Appleton's Cyclopedia of American Biography, edited by James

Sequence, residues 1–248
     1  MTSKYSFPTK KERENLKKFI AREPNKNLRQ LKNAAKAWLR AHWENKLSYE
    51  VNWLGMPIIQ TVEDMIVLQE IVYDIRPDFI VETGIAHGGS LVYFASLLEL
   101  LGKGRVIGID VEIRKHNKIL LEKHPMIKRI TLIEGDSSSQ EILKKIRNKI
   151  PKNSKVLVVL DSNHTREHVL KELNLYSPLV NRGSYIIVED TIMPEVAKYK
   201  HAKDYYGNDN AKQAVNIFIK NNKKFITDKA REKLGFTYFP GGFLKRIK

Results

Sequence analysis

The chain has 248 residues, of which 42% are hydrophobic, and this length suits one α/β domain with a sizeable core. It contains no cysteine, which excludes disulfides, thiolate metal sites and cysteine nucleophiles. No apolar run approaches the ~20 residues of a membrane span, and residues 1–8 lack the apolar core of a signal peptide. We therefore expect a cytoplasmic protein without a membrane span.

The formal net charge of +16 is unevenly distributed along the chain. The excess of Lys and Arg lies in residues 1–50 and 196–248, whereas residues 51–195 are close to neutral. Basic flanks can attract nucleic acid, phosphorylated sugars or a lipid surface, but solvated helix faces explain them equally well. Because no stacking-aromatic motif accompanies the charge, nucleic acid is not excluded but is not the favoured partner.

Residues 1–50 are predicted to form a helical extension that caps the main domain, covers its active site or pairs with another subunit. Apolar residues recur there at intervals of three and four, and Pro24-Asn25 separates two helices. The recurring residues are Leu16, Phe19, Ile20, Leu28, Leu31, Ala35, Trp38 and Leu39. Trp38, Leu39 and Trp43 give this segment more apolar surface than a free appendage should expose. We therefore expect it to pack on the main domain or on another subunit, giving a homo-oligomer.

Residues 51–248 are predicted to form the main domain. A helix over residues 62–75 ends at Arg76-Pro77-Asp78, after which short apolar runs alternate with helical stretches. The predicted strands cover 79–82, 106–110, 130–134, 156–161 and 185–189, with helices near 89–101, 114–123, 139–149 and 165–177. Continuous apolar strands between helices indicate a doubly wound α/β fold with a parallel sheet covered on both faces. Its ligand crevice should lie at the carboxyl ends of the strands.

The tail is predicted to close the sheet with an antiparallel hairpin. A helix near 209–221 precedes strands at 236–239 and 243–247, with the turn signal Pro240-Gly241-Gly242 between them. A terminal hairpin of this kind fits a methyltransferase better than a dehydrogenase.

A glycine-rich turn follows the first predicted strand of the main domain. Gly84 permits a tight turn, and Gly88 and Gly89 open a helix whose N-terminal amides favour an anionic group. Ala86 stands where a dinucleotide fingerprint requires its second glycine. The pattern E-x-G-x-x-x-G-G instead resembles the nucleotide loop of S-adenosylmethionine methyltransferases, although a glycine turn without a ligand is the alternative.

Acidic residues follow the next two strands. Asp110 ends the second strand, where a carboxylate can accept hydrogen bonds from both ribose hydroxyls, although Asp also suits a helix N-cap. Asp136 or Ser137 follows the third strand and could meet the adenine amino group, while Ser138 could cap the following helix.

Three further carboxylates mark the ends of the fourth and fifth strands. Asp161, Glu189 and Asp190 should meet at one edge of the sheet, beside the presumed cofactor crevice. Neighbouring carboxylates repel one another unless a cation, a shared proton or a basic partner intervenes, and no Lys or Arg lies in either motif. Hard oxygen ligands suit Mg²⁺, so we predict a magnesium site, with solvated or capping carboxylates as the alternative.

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CORTINA, Juan Nepomuceno (cor-tee'-nah), Mexican soldier, born in La Higuera, near Matamoros, Tamaulipas, 15 June, 1830. He began life as a farm laborer. When the American troops entered Mexico in 1846 he organized a band of cowboys for guerilla warfare. This band was afterward incorporated in the Mexican army and took part in the battles of Palo Alto and Angostura, where Cortina was dangerously wounded. At the close of the war he had the rank of captain, but was not permitted to enter the regular army, and became a smuggler. On one occasion he had promised certain Texan dealers to smuggle a large cargo of goods into Matamoros, and, as the Mexican authorities were making preparations to prevent it, he entered Matamoros alone, took away with him the custom-house collector, and forced him to escort the cargo into Matamoros. In 1856, while assisting the liberal revolutionists, he entered the town of Burgos and shot the mayor and other officers. Even some members of his own party asked in congress that Cortina and others should be sentenced to death in 1857. He was now a general, and sided with Comonfort, but was attacked and defeated by General Hinojosa near Cerralbo, and took refuge in United States territory, where he remained until 1859. He then served under General Vidaurri, but would not submit to military discipline. He and Canales governed in the frontier, appointing and discharging military or civil authorities at will, burning settlements, and committing other depredations, until 1863. Cortina remained faithful to the Republican Party during the first year of the French invasion, joined Vidaurri to defend Maximilian in 1864, refused to go to the City of Mexico when called there in 1865, and again sided with the republicans in 1867. President Juarez appointed him in 1869 federal chief of Tamaulipas; but he revolted in 1874 in favor of the Plan de Tuxtepec, and gave shelter to General Diaz, then a fugitive, to whom he offered money and soldiers. After the revolution was ended in 1876, Diaz ordered General Canales to capture and shoot Cortina; but Canales only arrested him and took him to the City of Mexico, early in 1877, where he has been kept ever since in the military prison of Santiago Tlaltelolco, without being tried or sentenced.
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